The Past 24 Hours Or So

Your Daily Dose of Trump and His Administration News

Coronavirus/COVID-19 Updates

  • Another 4.4 million Americans filed for initial jobless claims last week, bringing the total to at least 26 million people who have requested unemployment benefits since the outbreak of the coronavirus pandemic.

In just one month, all job gains since the Great Recession have disappeared, according to new data released Thursday by the Department of Labor. The economy had created around 22 million jobs since 2010, during a historic decade of economic expansion that came to an abrupt end in February.

  • The Trump administration is reportedly considering tying changes to the US Postal Service to the $18 billion emergency coronavirus loan from Congress, using the funds as leverage to influence the way the agency charges for package delivery and its hiring process.
  • Republican Florida Sen. Rick Scott appeared to break with President Trump, who continues to assert the U.S. is doing excellent testing of the coronavirus, saying “we’re way behind.” He also pressed for faster work on a vaccine and said “when the vaccine becomes available, it needs to be free to all Americans.”
  • The Trump administration’s decision to sideline one of the government’s top vaccine specialists at the height of a global coronavirus pandemic has shocked scientists and science advocates who say the president is placing a greater value on loyalty to himself than on the facts and data that could save lives.
  • Michael Caputo, the new spokesman of the Department of Health of Human Services deleted tweets sharing conspiracy theories about China and the coronavirus just a few days before accepting the new role at the department at the center of responding to COVID-19 in the U.S.

One of the offensive deleted tweets read: “Millions of Chinese suck the blood out of rabid bats as an appetizer and eat the ass out of anteaters.”

  • President Trump lashed out at reporters from the Washington Post and CNN during the latest coronavirus task force briefing as they tried to ask questions, calling them “fake news” and refusing to take their questions.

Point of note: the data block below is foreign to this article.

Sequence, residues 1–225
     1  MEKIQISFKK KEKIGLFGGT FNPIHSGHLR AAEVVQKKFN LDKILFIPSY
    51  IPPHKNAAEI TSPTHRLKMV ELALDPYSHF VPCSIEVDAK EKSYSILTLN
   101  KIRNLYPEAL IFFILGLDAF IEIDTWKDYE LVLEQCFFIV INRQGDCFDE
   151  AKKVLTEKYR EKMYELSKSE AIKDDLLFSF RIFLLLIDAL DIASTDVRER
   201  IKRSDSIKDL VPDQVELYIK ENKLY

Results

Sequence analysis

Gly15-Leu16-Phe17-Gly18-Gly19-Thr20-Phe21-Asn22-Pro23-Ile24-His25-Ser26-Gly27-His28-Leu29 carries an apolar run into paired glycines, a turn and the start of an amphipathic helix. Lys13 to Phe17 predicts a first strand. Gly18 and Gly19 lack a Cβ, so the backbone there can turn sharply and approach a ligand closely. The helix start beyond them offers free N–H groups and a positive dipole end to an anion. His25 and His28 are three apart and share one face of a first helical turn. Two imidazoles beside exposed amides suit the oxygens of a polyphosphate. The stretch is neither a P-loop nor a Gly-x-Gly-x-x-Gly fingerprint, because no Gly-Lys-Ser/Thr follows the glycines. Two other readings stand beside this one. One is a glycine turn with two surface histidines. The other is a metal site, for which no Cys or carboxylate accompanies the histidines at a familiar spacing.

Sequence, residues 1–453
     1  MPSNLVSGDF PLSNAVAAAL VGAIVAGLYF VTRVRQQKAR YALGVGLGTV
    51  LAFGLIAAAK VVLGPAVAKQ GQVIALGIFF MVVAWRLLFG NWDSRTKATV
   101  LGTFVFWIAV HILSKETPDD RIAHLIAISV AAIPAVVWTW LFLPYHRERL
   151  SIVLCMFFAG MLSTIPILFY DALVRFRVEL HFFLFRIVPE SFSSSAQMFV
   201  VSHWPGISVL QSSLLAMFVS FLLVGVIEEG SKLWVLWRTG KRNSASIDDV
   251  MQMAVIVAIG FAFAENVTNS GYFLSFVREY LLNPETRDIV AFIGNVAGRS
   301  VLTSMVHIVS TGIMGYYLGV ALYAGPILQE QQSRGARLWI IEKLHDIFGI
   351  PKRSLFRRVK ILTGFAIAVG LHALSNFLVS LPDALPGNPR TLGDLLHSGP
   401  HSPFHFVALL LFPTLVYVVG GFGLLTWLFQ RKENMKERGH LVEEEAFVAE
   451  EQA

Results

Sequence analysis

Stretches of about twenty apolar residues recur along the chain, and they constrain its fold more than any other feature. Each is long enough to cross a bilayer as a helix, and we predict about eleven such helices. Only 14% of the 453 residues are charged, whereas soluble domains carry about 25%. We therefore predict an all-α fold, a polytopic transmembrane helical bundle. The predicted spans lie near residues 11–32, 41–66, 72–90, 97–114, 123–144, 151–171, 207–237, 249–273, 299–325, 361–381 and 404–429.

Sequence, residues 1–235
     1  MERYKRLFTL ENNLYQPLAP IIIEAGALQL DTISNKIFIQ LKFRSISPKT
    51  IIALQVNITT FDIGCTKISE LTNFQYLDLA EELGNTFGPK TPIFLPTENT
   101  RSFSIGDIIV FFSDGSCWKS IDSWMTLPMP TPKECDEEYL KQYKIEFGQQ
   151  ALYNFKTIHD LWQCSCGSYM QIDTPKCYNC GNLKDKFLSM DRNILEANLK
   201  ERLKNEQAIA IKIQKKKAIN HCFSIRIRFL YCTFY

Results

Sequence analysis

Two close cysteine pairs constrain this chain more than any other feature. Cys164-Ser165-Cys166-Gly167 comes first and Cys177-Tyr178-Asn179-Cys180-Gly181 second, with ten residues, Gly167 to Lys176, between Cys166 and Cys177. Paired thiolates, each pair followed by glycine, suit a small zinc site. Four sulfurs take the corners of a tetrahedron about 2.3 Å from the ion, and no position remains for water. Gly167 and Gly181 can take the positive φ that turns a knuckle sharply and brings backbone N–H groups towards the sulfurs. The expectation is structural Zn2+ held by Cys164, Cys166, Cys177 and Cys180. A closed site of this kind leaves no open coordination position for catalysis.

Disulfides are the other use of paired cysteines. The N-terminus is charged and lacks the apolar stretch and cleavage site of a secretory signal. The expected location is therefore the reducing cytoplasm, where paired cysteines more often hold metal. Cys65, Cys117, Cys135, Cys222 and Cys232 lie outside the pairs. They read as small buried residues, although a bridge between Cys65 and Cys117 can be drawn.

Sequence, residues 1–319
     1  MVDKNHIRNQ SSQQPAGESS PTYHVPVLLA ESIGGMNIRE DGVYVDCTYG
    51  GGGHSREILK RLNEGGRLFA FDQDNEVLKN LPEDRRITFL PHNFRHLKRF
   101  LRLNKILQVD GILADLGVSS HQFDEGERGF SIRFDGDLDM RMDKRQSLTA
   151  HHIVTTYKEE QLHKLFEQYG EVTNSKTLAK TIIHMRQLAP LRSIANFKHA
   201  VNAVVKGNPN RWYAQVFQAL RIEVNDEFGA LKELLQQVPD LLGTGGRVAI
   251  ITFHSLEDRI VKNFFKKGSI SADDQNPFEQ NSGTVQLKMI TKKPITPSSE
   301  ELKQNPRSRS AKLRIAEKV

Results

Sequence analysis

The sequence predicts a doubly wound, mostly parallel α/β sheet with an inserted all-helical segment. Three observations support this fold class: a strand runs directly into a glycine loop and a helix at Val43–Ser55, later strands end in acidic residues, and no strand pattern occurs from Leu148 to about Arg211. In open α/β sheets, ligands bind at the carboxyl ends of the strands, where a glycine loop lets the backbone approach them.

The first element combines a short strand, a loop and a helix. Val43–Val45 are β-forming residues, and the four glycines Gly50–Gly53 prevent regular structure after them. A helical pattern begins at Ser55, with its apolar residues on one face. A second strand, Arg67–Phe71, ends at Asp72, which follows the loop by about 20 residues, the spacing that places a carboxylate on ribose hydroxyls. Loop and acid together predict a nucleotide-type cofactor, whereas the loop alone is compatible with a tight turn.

“I’m the President and you’re fake news,” Trump told Washington Post reporter Philip Rucker. “CNN is fake news, don’t talk to me,” he said when another reporter asked a follow-up question.

  • President Trump is escalating his criticism of Republican Georgia Gov. Brian Kemp, saying at the latest coronavirus task force briefing that he was “not happy” with the governor’s decision to start reopening businesses amid the coronavirus pandemic and told him, “I don’t want this thing to flare up because you’re deciding to do something that is not in the guidelines.”
  • The Trump administration is under fire after an investigation revealed that Health and Human Services Secretary Alex Azar hired a former Labradoodle breeder, who also served as a public relations official with no public health experience, to a top role at the department that now oversees the day-to-day response to the coronavirus pandemic.
  • After a presentation by medical experts at the latest coronavirus task force briefing showed that heat and light helped to quickly kill the virus on surfaces, President Trump asked whether it would be possible to harness light and heat and use it on those sick with coronavirus, and later also asked if it would be possible to use an injection of disinfectants or “a cleansing” of the body as a treatment.

“Maybe you can, maybe you can’t… I’m not a doctor. But I’m, like, a person that has a good you-know-what,” Trump said, pointing to his head.